Visiting My Daughter in Iraq (part 2)
She lived upstairs in what we would call a duplex. It was surrounded by a wall, and there was not a yard, though several neighbors had potted plants barely clinging to life. The floor and walls were all tile, and many of the wall tiles contained scripture verses, things to remember, or notes to one another on them in wipe-off marker. Not wanting to damage the tiles, they were reluctant to hang anything. There was the big switch on the wall for changing from “city” power to the neighborhood generator.
No one here in the US spends much time discussing electricity. I am afraid we take it much for granted. Not so in Suly, where a good portion of each day at school was spent by the students discussing the electricity or lack of it at the moment. In the girls’ house, it was very important to notice the switch in the middle of the wall in the living room to see if the house was on “city” or “neighborhood” power.
The neighborhood generator was not as powerful, and while you could run lights and even charge your computer, other chores like vacuuming, doing laundry, running blow dryers or operating any two appliances at once, would cause the generator to blow a circuit, and you needed to go reset it. Of course the whole house would have lost power as a result and the neighbors were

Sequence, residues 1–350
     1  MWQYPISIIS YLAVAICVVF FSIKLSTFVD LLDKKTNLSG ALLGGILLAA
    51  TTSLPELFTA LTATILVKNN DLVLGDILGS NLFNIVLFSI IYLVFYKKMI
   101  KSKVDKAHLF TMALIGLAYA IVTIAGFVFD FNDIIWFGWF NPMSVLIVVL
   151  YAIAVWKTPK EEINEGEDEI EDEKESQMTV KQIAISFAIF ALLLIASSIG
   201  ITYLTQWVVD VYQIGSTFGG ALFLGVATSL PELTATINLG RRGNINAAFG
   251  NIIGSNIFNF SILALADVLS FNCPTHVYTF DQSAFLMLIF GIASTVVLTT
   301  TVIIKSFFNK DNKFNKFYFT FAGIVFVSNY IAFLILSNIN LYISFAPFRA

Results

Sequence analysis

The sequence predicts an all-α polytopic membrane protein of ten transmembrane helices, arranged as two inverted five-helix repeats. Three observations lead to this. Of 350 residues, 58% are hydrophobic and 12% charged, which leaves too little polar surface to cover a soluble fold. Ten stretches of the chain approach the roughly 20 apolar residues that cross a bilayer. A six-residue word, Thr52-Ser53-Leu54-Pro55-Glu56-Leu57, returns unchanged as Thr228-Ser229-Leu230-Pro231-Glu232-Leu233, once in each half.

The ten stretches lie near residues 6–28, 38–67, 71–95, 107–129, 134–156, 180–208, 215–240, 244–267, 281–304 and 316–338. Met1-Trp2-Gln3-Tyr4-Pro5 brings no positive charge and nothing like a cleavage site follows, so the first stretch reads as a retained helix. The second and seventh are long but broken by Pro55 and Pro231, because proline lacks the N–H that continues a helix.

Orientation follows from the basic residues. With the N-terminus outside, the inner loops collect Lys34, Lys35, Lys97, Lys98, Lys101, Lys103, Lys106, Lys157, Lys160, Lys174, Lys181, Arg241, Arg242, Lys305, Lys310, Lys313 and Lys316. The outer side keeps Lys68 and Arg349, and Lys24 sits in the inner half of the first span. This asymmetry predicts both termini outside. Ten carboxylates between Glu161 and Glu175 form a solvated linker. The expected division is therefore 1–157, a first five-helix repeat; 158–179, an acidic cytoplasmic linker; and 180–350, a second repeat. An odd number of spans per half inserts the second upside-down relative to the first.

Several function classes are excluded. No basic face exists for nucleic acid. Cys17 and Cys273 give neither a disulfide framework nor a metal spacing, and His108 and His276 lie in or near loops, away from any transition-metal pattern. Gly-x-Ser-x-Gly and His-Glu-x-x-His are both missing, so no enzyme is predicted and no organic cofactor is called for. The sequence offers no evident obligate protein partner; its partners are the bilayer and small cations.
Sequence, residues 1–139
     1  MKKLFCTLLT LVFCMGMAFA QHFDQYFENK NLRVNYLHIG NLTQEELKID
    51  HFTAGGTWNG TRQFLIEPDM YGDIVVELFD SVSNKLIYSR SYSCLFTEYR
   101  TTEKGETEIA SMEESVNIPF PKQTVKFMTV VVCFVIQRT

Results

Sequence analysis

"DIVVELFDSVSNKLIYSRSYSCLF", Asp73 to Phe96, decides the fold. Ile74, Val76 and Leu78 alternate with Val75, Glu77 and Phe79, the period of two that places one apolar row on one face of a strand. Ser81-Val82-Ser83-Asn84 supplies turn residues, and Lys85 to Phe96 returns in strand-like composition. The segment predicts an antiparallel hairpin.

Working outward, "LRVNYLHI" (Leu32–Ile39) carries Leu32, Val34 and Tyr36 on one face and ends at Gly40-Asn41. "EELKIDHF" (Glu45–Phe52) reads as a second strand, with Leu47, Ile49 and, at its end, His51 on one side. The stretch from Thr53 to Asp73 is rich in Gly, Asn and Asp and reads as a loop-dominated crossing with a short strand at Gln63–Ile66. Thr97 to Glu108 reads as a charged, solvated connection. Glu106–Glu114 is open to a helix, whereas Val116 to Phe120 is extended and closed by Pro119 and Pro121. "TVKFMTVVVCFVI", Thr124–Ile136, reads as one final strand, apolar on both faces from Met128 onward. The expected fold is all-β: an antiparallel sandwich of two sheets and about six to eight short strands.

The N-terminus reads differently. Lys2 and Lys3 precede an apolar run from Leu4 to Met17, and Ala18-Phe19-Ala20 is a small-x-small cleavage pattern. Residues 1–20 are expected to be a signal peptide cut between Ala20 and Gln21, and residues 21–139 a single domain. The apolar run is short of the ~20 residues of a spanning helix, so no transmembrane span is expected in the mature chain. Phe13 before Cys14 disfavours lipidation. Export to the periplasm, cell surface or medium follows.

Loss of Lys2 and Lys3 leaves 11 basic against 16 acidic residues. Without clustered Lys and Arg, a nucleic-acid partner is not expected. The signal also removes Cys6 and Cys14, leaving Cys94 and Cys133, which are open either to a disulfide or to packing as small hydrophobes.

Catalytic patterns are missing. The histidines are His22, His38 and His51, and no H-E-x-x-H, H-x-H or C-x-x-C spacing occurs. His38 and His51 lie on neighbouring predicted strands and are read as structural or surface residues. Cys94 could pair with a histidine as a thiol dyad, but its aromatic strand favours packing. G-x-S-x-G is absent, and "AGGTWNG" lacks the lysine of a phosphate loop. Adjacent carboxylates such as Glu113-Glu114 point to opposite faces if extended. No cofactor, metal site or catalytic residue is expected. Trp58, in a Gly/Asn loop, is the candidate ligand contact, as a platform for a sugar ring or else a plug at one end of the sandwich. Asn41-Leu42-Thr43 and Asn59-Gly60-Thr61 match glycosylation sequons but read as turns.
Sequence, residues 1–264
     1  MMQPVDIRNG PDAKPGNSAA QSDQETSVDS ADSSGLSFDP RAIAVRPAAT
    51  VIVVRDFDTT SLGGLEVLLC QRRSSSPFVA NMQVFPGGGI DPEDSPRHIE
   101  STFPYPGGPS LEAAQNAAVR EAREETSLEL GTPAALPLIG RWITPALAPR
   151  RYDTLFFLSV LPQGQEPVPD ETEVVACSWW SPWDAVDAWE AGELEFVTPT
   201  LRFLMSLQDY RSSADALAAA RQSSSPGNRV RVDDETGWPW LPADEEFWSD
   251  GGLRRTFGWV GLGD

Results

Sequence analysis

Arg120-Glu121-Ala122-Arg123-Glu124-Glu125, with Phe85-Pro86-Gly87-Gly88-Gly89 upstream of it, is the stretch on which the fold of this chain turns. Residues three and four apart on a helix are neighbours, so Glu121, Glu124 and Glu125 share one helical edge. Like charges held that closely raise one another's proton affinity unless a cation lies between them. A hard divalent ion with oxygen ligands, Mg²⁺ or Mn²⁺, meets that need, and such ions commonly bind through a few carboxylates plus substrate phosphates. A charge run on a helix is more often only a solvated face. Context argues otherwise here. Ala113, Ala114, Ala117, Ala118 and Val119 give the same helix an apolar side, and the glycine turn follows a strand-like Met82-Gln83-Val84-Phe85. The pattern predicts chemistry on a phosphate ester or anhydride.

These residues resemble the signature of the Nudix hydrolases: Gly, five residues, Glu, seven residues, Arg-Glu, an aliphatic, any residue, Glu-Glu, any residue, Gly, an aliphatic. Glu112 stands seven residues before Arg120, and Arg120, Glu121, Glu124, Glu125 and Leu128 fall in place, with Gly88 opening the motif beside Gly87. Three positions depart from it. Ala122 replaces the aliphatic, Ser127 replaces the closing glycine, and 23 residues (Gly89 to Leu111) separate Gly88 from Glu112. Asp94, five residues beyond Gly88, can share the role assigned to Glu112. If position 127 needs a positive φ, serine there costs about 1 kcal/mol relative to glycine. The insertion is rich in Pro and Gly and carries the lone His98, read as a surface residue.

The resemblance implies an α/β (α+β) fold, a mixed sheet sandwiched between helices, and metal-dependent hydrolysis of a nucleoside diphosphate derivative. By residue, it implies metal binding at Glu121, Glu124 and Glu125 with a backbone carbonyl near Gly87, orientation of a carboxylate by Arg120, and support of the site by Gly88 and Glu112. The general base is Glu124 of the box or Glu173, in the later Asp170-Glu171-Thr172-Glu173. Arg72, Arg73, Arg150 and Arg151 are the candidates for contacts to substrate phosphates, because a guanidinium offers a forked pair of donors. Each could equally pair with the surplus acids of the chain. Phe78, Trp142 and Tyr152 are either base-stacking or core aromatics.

always watching, making your walk to circuit breaker a walk of shame. The girls got to the point where they could tell you the amperage of most appliances and thus not ever go over their limit.
Each day at school I heard about how much city power this or that person got the night before, and how it allowed so much TV or not. If you only got city power at night, that was when you did your chores, and were then sometimes lacking in sleep the next day. I am not too sure how the “city” power was that much better, though it seemed to be. The power lines above the houses were a regular web with no seeming pattern or reason.
Apparently, the residents would find a “live” line and attach to it to go to their house. That happened over and over, and it really is a wonder that it worked at all, or that more lives were not lost due to electrocution while hooking up to the power. At least the stove was gas, not electric, so you could cook without electricity, but it was not natural gas piped in like we have, but bottled propane, sitting right in the house, yet another source of danger that we are not used to. The girls learned to live with all of it and tended not to give it much thought after a while. It was just the way they lived.
And cooking was a big part of life and hospitality… more on that next time.
(Read part 1 here or go on to part 3 here!)